Senior Wins Fairfax Peace Award


Courtesy of Student Peace Awards of Fairfax

Lucia Patino Iporre at the Peace Awards ceremony.

At a school where 34% of students in 2022 were in the English for Speakers of Other Languages (ESOL) program, these students are underrepresented in school activities. One student is trying to change that.

Lucia Patino Iporre (12) was recently honored as one of 27 winners of the 2023 Student Peace Awards of Fairfax County for her work with the ESOL program.

According to the Student Peace Awards website, the award honors high school students who make a positive contribution to their community through “promoting mutual understanding and respect for all people.”

Representative Gerry Connolly introduced a Resolution in the U.S House of Representatives listing all the recipients and recognizing their efforts as “building blocks of a more peaceful and tolerant world.”

Patino Iporre grew up in Bolivia and immigrated to the United States in 2021, where she started school at FC.

“Having to adapt to the differences in culture and expectations took time. You feel like an outsider and under pressure to change your lifestyle and perspectives,” said Patino Iporre. “Not being able to communicate your thoughts as well as you used to in your native language is frustrating.”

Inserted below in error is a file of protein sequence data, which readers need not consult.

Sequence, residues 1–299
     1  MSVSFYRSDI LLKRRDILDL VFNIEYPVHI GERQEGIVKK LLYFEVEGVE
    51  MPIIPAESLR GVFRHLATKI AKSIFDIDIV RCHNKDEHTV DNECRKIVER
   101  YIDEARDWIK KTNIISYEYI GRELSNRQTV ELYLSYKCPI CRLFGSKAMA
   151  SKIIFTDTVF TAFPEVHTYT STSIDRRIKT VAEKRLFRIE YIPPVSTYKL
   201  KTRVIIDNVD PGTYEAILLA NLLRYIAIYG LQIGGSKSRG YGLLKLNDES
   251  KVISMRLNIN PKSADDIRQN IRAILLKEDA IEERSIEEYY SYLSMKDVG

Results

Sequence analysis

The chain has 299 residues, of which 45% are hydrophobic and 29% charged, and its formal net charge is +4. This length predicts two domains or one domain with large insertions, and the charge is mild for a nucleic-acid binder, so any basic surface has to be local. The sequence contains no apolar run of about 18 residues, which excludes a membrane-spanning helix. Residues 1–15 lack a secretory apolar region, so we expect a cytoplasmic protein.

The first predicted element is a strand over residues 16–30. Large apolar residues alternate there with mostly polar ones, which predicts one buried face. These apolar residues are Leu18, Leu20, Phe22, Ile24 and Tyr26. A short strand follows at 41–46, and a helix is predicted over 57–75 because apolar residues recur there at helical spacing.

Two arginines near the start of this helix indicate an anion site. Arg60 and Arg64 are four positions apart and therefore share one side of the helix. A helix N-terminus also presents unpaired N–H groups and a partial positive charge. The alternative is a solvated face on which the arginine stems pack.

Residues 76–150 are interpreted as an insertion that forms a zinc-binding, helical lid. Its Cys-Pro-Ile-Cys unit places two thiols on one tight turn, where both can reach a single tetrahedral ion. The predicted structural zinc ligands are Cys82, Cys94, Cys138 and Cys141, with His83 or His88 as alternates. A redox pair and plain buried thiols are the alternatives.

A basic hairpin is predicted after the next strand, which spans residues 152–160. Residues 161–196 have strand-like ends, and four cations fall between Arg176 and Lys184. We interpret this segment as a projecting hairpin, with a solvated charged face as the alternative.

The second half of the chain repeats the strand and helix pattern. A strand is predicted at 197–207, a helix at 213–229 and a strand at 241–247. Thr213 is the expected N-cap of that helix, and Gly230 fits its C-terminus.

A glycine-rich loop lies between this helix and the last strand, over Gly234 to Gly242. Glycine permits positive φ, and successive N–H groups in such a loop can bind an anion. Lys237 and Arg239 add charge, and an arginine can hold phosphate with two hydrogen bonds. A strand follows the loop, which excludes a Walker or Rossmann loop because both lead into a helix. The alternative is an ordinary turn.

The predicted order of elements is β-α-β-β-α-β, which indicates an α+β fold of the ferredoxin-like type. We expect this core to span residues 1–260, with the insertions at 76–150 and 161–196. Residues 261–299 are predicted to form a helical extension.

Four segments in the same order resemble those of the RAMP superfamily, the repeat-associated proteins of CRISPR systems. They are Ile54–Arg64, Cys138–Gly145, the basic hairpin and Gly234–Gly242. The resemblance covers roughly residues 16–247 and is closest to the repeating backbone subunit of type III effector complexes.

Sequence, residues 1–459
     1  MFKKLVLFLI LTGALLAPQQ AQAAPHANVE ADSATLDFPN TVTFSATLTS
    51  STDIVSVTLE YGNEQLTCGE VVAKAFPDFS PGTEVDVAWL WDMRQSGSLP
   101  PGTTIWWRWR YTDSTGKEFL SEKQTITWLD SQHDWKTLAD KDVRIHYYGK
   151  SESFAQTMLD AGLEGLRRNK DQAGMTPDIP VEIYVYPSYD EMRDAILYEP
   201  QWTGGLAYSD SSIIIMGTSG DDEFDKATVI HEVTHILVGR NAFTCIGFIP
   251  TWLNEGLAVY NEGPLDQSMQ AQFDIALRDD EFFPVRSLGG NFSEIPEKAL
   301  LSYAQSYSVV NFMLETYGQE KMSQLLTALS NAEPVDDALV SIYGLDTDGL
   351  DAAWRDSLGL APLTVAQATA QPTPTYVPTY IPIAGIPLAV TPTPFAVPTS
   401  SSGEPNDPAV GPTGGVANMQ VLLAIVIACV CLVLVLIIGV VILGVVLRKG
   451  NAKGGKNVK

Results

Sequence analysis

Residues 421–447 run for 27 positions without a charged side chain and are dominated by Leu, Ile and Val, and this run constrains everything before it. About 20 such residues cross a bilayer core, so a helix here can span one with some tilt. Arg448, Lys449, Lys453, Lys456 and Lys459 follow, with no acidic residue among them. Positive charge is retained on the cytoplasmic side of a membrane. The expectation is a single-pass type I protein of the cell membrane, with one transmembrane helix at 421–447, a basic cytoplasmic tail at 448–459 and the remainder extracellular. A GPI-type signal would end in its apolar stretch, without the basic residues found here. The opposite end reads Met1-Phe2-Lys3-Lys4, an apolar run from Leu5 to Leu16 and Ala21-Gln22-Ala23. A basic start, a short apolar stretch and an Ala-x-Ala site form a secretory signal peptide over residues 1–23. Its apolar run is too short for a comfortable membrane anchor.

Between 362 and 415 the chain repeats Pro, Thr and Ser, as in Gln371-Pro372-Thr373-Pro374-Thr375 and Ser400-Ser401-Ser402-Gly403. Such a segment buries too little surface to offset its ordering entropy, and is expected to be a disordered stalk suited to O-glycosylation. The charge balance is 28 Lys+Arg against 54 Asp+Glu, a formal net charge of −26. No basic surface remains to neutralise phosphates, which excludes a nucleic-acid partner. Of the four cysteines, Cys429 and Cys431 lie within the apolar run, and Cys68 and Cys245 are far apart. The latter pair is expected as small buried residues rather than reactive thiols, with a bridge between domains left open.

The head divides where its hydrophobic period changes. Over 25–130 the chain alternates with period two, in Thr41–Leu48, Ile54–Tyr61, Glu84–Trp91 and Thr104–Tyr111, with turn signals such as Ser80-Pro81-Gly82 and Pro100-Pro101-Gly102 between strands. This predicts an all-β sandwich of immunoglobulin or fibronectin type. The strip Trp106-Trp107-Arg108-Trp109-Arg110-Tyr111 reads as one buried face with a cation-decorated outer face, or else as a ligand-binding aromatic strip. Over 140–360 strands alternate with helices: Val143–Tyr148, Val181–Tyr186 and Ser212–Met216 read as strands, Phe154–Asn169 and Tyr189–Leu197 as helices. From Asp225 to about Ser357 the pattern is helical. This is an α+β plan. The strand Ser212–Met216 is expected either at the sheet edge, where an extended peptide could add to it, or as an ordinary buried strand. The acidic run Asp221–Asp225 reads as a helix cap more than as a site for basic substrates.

According to a press release from the Student Peace Awards committee, Patino Iporre has been working hard to help ESOL students who feel left out, due to the language barrier, participate. Notably she has been trying to make clubs and sports more accessible by translating announcements into Spanish. She even helped a friend try-out for and make the soccer team.

To help more students participate in school activities she translated important documents into Spanish and volunteered to represent FC as a Student Equity Ambassador. As a Student Equity Ambassador she met monthly with administrators across the county to discuss the problems that ESOL students faced.

“Not everyone is going to want to participate [in school activities], but I met a lot of people that don’t participate because they don’t understand what’s going on,” said Patino Iporre. “If the school makes a bigger effort of trying to include them, they would participate a little bit more.”

Patino-Iporre is also the President of the Spanish Club and the Vice President of the Spanish Honor Society where she started a program for ESOL students to get English and Math tutoring.

“At the beginning of the year, I had about 3-4 ESOL students in my 4th period class, and they all enjoyed using the ESOL Tutors. They all saw improvements with their grades, and enjoyed making new friends outside the ESOL classes that they were in,” said Economics and Personal Finance teacher Christopher Shores. “I love seeing students grow both academically and socially, and the ESOL tutoring program helped bring our community closer together.”

Patino Iporre is going to attend the University of Virginia next year and is going to major in Economics.

“I think that thanks to the translations and the advocacy I did at the school and the county, our administration is more aware of the ESOL community’s struggles and they are more willing to make changes to include them,” said Patino Iporre. “While I know there are a lot of things that need to be done, I believe I contributed to the start of a change that will progress in the years ahead.”